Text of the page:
Light truck detailing with an insider

In our mid-November report, we noted that auto-industry expert Kim Hill pointed out at a recent conference that automobiles’ share of total sales had dropped five percentage points over the year, and that the average price had risen 3% over that same period, because of light trucks. You can see that on the graph below, and also the, we’d say, shocking fact that light trucks were about 15% of total sales in 1970 and are close to 70% today. We’d like to give Kim a hat-tip for pointing out that within this trend auto jobs in nine states were at risk, with four plants in Michigan, six between the Great Lakes and the Gulf Coast in danger, and plants in California and Kansas possibly targeted.

As we heard from a small percentage of those plants, we picked up the phone, and Kim immediately cut to the chase, highlighting two trends. First, “One of the ugly parts of this industry transformation is that you have a bunch of older workers who just don’t have the skills they need for the future.” Them’s harsh terms about “cutting out dead wood,” so they can hire the tech-savvy younger workers, and we all agree that that is a public policy issue.
Kim says that General Motors has been looking at the plant in Ontario for a long time, and they are going to take some PR lumps for that because Canada and Ontario governments helped out GM during bankruptcy.

Here in the U.S. they are contractually obliged with unions to give long leads when they are closing plants, so don’t pencil these layoffs into your forecasts yet. Kim thought there would be more shuffling of workers, and was surprised to hear about the outright closings, although he knew the risk was there. He also suspects that the two plants being scrutinized, one in Ohio and one in Michigan, will be whipsawed against each other, and the states will get involved in a kind of bribing process with lots of money on the table. As sales of sedans “fall off the table,” these shifts to truck-style products will continue.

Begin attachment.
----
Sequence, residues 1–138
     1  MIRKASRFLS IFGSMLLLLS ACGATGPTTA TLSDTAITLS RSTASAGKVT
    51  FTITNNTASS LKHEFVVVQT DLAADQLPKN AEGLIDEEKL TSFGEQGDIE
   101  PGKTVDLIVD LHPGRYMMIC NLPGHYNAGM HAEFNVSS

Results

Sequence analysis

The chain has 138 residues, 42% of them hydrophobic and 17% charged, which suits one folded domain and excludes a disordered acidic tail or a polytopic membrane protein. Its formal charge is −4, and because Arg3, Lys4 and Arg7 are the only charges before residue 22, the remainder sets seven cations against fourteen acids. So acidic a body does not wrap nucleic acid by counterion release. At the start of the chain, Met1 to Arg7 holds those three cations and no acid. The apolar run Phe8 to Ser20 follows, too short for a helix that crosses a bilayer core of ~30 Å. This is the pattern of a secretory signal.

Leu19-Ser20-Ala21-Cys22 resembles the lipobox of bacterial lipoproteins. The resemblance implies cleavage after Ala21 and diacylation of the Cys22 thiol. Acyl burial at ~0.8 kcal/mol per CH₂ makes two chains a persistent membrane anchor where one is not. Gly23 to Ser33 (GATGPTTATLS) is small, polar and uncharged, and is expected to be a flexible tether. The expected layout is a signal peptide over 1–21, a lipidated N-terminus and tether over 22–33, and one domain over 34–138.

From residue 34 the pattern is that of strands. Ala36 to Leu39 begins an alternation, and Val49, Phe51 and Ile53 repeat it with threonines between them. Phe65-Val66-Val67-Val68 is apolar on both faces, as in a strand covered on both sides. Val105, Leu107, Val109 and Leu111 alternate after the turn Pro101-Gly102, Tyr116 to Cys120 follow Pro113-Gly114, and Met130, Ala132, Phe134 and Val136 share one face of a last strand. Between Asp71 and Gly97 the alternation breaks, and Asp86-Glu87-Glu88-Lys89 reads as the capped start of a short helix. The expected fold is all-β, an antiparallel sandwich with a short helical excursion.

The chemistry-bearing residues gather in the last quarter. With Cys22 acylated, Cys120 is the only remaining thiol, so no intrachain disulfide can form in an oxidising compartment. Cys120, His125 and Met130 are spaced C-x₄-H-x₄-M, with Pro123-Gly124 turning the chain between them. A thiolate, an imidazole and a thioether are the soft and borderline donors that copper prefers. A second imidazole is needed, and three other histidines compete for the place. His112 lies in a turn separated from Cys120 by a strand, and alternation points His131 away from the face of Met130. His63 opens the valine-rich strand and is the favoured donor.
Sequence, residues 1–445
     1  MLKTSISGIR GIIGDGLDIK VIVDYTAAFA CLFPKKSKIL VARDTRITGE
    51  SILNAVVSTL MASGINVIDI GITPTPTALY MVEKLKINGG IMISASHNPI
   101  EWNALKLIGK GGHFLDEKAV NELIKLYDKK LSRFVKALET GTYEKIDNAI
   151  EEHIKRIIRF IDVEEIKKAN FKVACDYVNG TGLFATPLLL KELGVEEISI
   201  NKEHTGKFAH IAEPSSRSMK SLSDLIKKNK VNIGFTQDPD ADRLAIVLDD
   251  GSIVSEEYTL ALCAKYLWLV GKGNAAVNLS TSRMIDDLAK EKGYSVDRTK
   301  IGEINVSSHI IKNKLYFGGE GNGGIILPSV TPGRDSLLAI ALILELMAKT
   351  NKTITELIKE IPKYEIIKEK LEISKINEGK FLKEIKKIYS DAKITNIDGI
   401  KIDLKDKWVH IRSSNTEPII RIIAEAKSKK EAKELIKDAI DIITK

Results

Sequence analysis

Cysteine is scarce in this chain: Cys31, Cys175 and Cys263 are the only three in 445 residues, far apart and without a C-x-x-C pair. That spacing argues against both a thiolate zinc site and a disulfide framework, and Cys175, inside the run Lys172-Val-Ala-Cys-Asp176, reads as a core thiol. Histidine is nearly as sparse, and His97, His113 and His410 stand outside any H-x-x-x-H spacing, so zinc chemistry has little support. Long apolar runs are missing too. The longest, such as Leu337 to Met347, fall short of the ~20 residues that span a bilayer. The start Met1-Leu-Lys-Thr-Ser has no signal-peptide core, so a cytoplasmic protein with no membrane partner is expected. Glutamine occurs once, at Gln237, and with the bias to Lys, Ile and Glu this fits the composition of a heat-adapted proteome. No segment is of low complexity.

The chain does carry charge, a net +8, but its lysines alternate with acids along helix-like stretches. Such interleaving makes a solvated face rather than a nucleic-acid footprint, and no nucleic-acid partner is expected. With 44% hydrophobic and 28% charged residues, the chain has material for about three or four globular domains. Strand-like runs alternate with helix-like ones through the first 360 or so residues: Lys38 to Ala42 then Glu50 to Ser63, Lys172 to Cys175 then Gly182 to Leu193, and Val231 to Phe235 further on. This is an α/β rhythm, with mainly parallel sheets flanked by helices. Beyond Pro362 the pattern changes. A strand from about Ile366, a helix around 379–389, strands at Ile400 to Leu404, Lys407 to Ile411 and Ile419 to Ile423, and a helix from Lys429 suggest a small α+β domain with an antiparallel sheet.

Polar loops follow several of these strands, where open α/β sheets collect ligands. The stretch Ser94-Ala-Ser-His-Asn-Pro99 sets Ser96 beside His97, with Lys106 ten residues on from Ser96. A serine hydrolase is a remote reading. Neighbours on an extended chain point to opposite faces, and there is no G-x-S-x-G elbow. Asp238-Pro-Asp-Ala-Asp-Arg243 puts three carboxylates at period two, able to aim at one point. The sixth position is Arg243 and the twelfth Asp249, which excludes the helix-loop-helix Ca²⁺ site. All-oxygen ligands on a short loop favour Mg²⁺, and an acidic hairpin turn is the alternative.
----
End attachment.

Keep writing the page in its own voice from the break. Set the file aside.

Auto manufacturing multipliers are always a subject for debate, if you go in for that kind of thing, and you could drive a SUV through the range here. The Bureau of Economic Analysis puts a 2.87 on the auto industry, meaning $1.87 in spending for every direct dollar, but Kim says there are big differences if you look at regions or the entire nation. Regionally he and his colleagues can tell “the minute they get off the freeway” if a plant is thriving or wilting. “In Fort Wayne there make a ton of pickup trucks and small businesses are thriving, but for the last 10 years in Lordstown there are more and more empty parking lots.”

The auto-industry’s rule of thumb is that you’re safe if you take a multiplier of 7, that means 6 jobs for every direct job, for the industry overall. On the state level, that may fall to 4 or 5 because you are not picking up work generated outside the limited region, and if you look at the national level you can get up to a 10 multiplier for assembly plants because then you are picking up all the small suppliers and service firms throughout the country.

Plants at risk include those in Lansing, Michigan, assembling Camaros and Cadillacs; in Lake, Orion assembling Sonic and Bolt; in Georgetown, Kentucky assembling all sedans; in Fairfax, Kansas, making Malibus; in Chattanooga assembling small utility vehicles—as well as the Alabama Hyundai plant, and the Mississippi Blue Springs/Tupelo Corolla plant. More to come and not as sweet as Tupelo honey.

Many have reported that tariffs are a driving force in these plant closings, but Kim isn’t so sure. He didn’t refute our suggestion that tariffs may have been a deciding factor in the decision to shift employees between plants and outright closings, but he said there is too much in flux: many assembly plants might be able to absorb a 10% tariff but would choke on a 25% tariff, and it’s impossible to expect anyone to make a “massive industrial decision” without that information. It’s also very hard for decision makers to deal with “whimsical buyers driven by fuel prices.” Customers can turn on a dime, but manufacturers can’t. We’ll be featuring intermittent interviews with Kim Hill, so expect one in a few months when the effects of tariffs become clearer.